As the title page of The Sacred Harp shows, his music is harmonised for piano or organ accompaniment, but it seems impossible – at present – to establish whether the tunes would have had an airing in the church with a band. The titles of the pieces – only a handful appear with words to sing – Mount Elim, Mount Gilead, Mount Ebal, Gihon, and Eden, for example,  suggest Old Testament influences.  Amram was not enamoured of the minor key, only two pieces contain sections in a minor mode, including his own setting, ‘Victory’, of Pope’s Ode, (‘Vital spark of heavenly flame’), and more than two thirds are in what are termed flat keys, i.e. F, B flat or E flat. 

At the beginning of the twenty-first century it is difficult to contemplate how a shoemaker could have acquired the basic skill of harmony and counterpoint to compose over 60 pieces of sacred music in what was then only a small village, admittedly but some 9 miles from a seat of musical learning in Oxford.  Was he self-taught?  Did some benefactor fund his musical education at an earlier age?  There are lots of questions still requiring answers.

Salvation, one of Amram’s compositions, was included in the second Mid-Shires’ Quires Day of regional West Gallery music, in Byfield, Northants, on 29 April 2006, and on May Day afternoon we paid a visit to Ambrosden. The church was locked, and in Edwin’s endeavours to locate the keyholder, he came across the leader of the Worship Group Band – Lisa Holmes.  Lisa received the news of a home-grown composer with great excitement and enthusiasm, and we have since learned of the existence not only of Amram’s own copy of his book, and but a further three manuscript collections of church music within the village.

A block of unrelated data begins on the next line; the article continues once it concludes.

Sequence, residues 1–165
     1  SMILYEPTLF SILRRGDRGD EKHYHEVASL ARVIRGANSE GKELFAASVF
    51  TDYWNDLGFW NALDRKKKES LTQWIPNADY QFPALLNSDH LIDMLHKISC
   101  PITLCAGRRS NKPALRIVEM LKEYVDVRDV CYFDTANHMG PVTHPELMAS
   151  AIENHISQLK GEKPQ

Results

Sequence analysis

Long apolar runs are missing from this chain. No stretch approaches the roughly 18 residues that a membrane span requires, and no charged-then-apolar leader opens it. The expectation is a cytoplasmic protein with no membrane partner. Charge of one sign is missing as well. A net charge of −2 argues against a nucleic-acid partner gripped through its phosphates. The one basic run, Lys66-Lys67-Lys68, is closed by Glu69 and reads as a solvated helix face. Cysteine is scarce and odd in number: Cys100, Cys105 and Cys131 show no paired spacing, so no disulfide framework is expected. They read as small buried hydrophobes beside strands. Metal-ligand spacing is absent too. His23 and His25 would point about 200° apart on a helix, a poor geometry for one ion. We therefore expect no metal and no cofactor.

Ambrosden celebrated its 900th anniversary this year, and as a result of our happy meeting with Lisa, together with Immanuel’s Ground and members of the West Gallery Music Association from other parts of the country, we provided a period costumed quire and band to perform two of Amram’s compositions [Salvation and Conclusion (midi file)} in a celebratory church service on 11 June, in the presence of the Bishop of Dorchester and the Lord Lieutenant of the County of Oxfordshire, Hugh Brunner.  We and our friends in the WGMA, were thrilled to be able to return the music of what may be Ambrosden’s only composer to its rightful place in the heart of worship in the village.

The discovery of manuscript sources of church music in the region continues.  In July 2006 we were contacted by a couple who had purchased a manuscript at a village fete, in Buckland, Oxon.  This fascinating snapshot of sacred church music came from Lower Heyford, only 10 miles west of Ambrosden, and less than 15 miles from Marsh Gibbon.  Comparison of the contents of all three manuscripts will give us valuable insight into the choral and instrumental repertoire of some of the south Midlands parish churches up to the middle of the nineteenth century, a veritable late-Georgian top of the ecclesiastical pops!  Compositions by the Canterbury born composer, Thomas Clark, a shoemaker like Amram Taylor, figure in all three sources and indicate the wide transmission of pieces from his many printed books.  Much more research work remains to be done, of course, so watch this space!

Sheila Girling Macadam
November 2006